Prop Info and Apps: http://www.rayslogic.com/
  • Peter JakackiPeter Jakacki Posts: 7,331
    edited July 10 Vote Up0Vote Down
    BTW, Just FYI, I doubt very much that the MAX3233 is a "better" chip as the Spellman may just be a better receiver instead.

    I detest having to use so-called RS232 chips (for compliance) because IMO they are useless. Far better just to run logic levels at low impedance than the unnecessary and ineffective +/-6V typical. I have had much more success with unipolar low voltage low impedance signals than I have had with 300 ohm bipolar signals that end up with less noise immunity because of the de facto unipolar receivers from the 1488/1489 days. These receivers just switch at around 1.5V with a little bit of hysteresis.
    MAX3233%20rx%20thresholds.png

    While a proper RS232 receiver (if there is such a beast) with a negative threshold and 6V of hysteresis would have better noise immunity, it would still be crippled compared to modern solutions that can operate at much higher baud rates over much longer distances. If you don't need RS232 for compliance then don't ever use it, just make your logic input receiver capable of handling the voltage input by using a large value resistor to limit the current plus a pull-up for when it is left floating.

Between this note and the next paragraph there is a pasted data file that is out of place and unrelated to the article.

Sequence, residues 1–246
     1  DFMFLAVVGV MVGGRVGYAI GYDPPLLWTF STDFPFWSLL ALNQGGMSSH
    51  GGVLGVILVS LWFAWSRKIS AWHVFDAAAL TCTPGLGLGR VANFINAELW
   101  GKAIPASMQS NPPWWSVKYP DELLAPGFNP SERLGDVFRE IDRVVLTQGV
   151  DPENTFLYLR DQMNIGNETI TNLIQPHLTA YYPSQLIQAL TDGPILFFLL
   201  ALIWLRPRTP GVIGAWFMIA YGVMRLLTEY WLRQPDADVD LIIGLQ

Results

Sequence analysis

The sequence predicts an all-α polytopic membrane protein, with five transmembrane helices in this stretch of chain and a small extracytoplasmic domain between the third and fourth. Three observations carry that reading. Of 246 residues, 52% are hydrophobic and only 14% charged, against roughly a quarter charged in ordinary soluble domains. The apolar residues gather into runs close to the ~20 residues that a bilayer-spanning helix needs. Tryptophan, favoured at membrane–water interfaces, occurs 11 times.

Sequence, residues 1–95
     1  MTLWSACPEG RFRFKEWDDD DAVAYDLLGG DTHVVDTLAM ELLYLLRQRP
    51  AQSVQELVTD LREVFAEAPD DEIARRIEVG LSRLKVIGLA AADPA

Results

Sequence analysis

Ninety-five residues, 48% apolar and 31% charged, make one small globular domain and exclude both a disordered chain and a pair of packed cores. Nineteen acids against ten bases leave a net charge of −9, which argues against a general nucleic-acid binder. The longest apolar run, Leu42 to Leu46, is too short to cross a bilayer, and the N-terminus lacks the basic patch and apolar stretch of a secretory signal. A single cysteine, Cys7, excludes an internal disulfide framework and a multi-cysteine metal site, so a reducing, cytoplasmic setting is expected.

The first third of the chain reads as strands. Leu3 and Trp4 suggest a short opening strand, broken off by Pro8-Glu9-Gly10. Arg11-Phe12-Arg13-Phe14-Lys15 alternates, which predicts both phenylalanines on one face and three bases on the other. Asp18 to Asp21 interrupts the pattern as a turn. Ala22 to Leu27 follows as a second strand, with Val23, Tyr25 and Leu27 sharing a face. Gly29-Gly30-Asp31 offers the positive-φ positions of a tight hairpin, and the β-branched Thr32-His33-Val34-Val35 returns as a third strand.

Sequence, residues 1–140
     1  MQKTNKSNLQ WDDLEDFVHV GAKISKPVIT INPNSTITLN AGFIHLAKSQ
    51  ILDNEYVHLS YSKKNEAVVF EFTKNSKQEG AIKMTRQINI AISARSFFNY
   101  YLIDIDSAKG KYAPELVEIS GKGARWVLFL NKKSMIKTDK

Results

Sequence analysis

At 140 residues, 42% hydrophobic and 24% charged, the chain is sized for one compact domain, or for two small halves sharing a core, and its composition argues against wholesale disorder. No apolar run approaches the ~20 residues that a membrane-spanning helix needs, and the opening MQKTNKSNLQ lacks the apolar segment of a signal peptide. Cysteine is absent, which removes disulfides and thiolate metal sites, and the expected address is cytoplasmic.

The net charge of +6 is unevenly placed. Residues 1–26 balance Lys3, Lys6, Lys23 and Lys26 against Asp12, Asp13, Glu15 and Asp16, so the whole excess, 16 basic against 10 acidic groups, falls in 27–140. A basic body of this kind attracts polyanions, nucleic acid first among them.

1007 x 206 - 35K
    Tachyon Forth - compact, fast, forthwright and interactive
    useforthlogo-s.png
    --->CLICK THE LOGO for more links<---
    Tachyon Forth News Blog
    P2 SHORTFORM DATASHEET
    TAQOZ documentation
    Brisbane, Australia
  • Thanks. I may try this before abandoning serial for the network interface.
    So far, it looks like it may work at the higher baud, for whatever reason.

    There was one large packet that came missing several bytes.
    But, I just realized that I should be using "fullduplexserialextended" because I probably just overflowed the 16 byte input buffer on the regular "fullduplexserial"...
    Prop Info and Apps: http://www.rayslogic.com/
  • JonnyMacJonnyMac Posts: 6,036
    edited July 10 Vote Up0Vote Down
    I don't know if it will be helpful, but I've attached spin-off of FDS that I use in a laser-tag product. In that case, with XBee radios that don't have flow control (not enough pins), I need a bigger RX buffer than TX buffer. Both sizes can be set independently using constants.
    Jon McPhalen
    Hollywood, CA
    It's Jon or JonnyMac -- please do not call me Jonny.
  • Rayman wrote: »